Tuesday, February 08, 2005

Bloglines CEO Perspective

Mark Fletcher, in addition to being CEO of Bloglines, writes a blog. This post at wingedpig.com (wonderful domain name!) is a sort of personal FAQ from Mark about the Ask Jeeves deal.

I (Andrew) did, in my previous post, promise incisive commentary. But, for now at least, you'll have to make do with the following. I'll comment on each of the three points from the numbered list in Mark's post, and also on a fourth point that he makes.
  1. Mark is staying with Bloglines/ASKJ. Good news! But good luck to him if he changes his mind. His current bio makes him sound like a founder/entrepreneur type. He did leave his previous firm, ONElist, when it was acquired by Yahoo.
  2. Bloglines will remain at bloglines.com, doing "business as usual." Good news, and I believe it, at least for the short term. I don't think that ASKJ bought Bloglines in order to mess with success.
  3. What will change is that Bloglines will have access to more resources. Mark mentions in particular ASKJ's Teoma search technology. I haven't made a particular study of web search, and so I don't know how good ASKJ's technology is compared with, say, Google.
  4. Mark describes the fit between the two firms. In particular, he emphasizes "the start-up/fast moving mentality" of Ask Jeeves, while noting that this is his subjective impression. I suspect that the extent to which it remains his impression will determine whether he stays, or whether he leaves to start another new venture.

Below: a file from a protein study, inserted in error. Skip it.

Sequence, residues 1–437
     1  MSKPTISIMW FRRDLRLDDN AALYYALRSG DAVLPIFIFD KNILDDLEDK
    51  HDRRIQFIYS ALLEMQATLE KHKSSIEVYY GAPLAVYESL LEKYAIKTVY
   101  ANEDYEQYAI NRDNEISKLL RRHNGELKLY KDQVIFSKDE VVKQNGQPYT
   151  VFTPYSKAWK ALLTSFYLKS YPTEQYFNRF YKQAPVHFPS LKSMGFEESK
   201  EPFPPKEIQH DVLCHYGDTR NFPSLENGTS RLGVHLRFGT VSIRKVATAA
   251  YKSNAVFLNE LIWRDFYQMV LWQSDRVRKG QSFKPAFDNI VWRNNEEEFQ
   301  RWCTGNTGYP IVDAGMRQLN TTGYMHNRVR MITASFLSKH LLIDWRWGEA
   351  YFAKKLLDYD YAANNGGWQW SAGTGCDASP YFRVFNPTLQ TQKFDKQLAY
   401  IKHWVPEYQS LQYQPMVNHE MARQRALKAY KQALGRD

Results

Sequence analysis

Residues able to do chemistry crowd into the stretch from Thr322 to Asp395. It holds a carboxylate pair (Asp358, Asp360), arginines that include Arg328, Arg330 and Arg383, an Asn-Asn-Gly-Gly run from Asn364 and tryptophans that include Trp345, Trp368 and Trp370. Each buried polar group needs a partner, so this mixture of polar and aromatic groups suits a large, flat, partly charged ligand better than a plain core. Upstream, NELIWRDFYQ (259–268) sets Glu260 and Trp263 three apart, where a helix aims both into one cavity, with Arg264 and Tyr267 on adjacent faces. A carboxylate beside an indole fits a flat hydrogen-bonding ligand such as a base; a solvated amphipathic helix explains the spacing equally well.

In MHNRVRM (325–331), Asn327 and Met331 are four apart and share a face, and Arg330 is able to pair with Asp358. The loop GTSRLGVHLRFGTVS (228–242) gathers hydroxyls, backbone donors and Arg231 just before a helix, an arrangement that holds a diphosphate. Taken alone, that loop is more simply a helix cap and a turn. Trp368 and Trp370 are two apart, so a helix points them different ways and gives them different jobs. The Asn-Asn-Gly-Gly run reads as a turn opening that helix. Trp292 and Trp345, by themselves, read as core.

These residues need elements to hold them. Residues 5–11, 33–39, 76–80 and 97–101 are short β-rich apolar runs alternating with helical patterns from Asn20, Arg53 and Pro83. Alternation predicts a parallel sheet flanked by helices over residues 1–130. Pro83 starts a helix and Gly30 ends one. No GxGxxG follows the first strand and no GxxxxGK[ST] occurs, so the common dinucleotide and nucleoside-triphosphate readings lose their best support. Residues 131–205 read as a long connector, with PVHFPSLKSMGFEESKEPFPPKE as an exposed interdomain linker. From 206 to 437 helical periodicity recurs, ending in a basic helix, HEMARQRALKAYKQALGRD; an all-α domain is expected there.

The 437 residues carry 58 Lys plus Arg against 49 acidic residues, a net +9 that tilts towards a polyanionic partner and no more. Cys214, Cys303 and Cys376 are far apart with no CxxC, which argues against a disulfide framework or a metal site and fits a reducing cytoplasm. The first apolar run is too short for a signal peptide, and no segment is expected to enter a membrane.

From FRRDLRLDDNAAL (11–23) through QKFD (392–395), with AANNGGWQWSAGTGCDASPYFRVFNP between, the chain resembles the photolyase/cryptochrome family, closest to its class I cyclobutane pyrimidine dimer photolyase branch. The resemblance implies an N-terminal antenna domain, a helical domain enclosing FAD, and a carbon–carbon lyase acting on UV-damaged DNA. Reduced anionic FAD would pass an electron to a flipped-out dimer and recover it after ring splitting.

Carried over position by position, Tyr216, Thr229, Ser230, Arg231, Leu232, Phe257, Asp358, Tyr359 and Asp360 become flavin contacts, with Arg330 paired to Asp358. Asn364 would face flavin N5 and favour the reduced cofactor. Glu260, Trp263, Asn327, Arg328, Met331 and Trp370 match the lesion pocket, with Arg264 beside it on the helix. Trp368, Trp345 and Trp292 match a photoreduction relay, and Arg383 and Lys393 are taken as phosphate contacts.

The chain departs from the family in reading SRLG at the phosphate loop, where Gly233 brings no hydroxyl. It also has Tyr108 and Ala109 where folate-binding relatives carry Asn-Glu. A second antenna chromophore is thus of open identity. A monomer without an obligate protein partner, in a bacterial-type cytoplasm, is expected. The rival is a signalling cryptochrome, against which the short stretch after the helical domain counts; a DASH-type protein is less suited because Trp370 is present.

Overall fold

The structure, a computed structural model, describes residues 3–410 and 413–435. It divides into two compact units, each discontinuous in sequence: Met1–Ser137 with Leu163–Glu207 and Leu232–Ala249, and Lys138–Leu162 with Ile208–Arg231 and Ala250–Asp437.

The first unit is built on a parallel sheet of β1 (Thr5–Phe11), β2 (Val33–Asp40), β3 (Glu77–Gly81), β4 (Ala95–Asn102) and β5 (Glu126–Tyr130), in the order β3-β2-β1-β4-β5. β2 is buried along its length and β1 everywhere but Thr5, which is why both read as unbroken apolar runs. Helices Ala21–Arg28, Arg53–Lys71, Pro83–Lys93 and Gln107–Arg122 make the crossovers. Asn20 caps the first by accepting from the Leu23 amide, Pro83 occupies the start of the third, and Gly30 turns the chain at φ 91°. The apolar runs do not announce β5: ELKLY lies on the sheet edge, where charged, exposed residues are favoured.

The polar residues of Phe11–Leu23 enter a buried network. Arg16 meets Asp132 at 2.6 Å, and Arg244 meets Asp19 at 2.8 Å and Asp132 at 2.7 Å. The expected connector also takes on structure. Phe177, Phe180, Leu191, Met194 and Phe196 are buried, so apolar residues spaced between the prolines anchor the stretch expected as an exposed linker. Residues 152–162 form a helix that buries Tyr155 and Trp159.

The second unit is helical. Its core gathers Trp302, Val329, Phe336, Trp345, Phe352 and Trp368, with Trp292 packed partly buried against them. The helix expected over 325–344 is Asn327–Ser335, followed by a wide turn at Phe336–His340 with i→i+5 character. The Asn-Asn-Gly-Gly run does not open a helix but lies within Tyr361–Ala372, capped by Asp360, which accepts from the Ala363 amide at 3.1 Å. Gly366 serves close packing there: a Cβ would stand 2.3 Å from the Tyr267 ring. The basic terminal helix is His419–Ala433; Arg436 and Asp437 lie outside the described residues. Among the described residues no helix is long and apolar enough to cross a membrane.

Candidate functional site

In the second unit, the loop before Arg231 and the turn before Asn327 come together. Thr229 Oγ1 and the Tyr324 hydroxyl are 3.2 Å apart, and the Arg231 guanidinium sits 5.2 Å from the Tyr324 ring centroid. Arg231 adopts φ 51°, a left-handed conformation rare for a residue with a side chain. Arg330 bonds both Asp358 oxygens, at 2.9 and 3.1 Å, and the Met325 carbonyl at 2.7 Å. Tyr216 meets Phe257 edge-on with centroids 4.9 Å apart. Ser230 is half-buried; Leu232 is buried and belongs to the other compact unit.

In some ways, this deal seems good for each side. ASKJ gets the leading aggregator, at a time when blogging is huge and still growing. Bloglines may well be at a point in its impressive growth at which it could really use more resources, in technological, financial, and other terms.

On the other hand, I have my doubts about the the new, larger, firm--mainly in terms of finance and in terms of ASKJ's position in its main market: search. Competition in search is harsh, with Google as the gorilla, and Microsoft and Yahoo each representing, to say the least, a strong competitor. Will ASKJ remain healthy enough to provide Bloglines with the resources it needs? Will it, over the longer term, be able to retain Mark Fletcher and other factors that made Bloglines what it is today?

My last doubt is rooted in one of the main themes of this blog. How can one make money from free stuff? Each of Ask Jeeves and Bloglines is a free service, with competition including other free services. Will the combined firm be able to turn technology and customer eyeballs into profits?

In closing, I'll be explicit about the perspective from which I am writing this. I am a user of Bloglines. I have previously posted about its success in becoming the leader in the aggregator market. I wish Bloglines, and Mark, well. My impression of Mark, from his blog and from other online sources, is very positive. I don't know him personally.